The AEC has been critical in the past of scenario weightings unreasonably skewing conclusions,[vii] since extraordinarily high (or low) scenario outcomes can, even with small weightings, have a disproportionate effect on the choice of the best development path.
The ISP continues this practice, and has now added four distinct market event sensitivities:
While it’s common practice in analysis to include sensitivities to show how quickly results would change if a single, key assumption changed, the sensitivities included in the ISP have been treated as scenarios, with their combined weighting being 40 per cent in the derivation of the weighted nett market benefits.
While excluding the sensitivities from the weighted averaging does not change the first-ranked development path (Central Least-Cost + Marinus Link Early Works), it does change the ranking of other development paths. For example, the Central Least-Cost development path, which one would assume is the baseline preferred development path, falls to fourth in the rankings.
Where’s the gas?
In order to determine what transmission is justifiable, the ISP must model a least-cost generation future and, as a result of the planned closure of older power stations, the ISP identifies a need for as much as 11.8GW of new dispatchable capacity by 2039-40.[viii] A lack of new coal and combined-cycle technology was to be expected in a high renewable energy future. What was particularly surprising was that none of the generation scenarios included new peaking gas-fired technology.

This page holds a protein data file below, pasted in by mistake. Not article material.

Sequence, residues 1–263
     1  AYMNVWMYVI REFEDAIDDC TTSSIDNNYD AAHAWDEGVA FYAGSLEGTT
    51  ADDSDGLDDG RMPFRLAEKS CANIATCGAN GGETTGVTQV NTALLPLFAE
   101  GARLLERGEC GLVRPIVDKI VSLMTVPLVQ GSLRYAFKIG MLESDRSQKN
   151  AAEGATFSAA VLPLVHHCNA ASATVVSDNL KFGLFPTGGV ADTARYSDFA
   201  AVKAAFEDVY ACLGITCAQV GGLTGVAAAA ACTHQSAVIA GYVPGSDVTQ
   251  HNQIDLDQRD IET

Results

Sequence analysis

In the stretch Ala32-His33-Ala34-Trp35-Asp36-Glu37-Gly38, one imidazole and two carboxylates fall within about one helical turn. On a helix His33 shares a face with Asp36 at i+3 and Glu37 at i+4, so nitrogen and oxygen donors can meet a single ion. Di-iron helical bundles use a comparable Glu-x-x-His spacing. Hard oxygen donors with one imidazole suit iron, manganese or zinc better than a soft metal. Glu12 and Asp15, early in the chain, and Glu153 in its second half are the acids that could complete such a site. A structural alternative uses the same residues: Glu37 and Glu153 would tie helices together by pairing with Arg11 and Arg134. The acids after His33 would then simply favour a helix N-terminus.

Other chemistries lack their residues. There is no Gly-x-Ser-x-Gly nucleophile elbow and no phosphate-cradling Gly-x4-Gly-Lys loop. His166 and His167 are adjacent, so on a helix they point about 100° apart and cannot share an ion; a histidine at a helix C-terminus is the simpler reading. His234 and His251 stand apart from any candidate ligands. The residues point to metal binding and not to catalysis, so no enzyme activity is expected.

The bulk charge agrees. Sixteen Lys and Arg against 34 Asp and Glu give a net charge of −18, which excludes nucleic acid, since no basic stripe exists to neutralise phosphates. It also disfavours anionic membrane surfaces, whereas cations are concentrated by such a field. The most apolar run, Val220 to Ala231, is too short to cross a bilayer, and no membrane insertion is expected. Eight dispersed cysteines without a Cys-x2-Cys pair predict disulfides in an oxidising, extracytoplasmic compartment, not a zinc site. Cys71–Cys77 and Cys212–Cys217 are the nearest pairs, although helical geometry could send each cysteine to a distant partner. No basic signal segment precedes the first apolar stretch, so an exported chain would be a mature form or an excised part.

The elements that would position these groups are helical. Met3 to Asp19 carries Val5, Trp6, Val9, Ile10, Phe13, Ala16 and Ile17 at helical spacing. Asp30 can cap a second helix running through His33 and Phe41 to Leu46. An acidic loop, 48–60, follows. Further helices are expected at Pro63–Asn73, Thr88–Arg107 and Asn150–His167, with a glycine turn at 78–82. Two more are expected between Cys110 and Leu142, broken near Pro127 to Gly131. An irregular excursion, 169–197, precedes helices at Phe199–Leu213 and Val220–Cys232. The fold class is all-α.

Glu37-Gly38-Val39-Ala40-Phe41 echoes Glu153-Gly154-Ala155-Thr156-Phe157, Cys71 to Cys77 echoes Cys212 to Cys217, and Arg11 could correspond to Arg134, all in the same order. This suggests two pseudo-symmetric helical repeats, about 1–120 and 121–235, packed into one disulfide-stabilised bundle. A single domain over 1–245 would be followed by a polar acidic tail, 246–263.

This modelling result comes about mainly due to a competition between the price of new gas-fired peaking plants versus the cost of storage, in particular what the ISP describes as “shallow” battery storage; that which can hold 4 hours of energy, i.e. enough to cover an evening peak when the sun goes down. AEMO consulted heavily on input costs and received very optimistic views on the present and future cost of batteries.[ix] AEMO explains how these compete with gas in the following simplified chart.
Source: Source: AEMO 2020 ISP[x]
This suggests that if you can store zero price surplus renewable energy, it is already cheaper to invest in a battery to meet a 4 hour peak than to build a peaking gas plant fuelled by $9/GJ gas – which is not far above today’s gas prices. And, by 2030, battery storage will be cheaper at any price of gas.
This is a surprising claim and seems at odds with the current market that is still investing in peaking gas.[xi] The ISP’s results depend entirely on the quality of the input data and, whilst these inputs were openly consulted, the outcome of that consultation still needs to remain grounded in defensible observation rather than aspiration.
Note that despite these optimistic views on storage, the ISP models the NEM’s existing large gas fleet to remain largely in place through the scenarios’ planning period, and actually increases its generation compared to today (See figure 3).
Source: AEMO ISP[xii]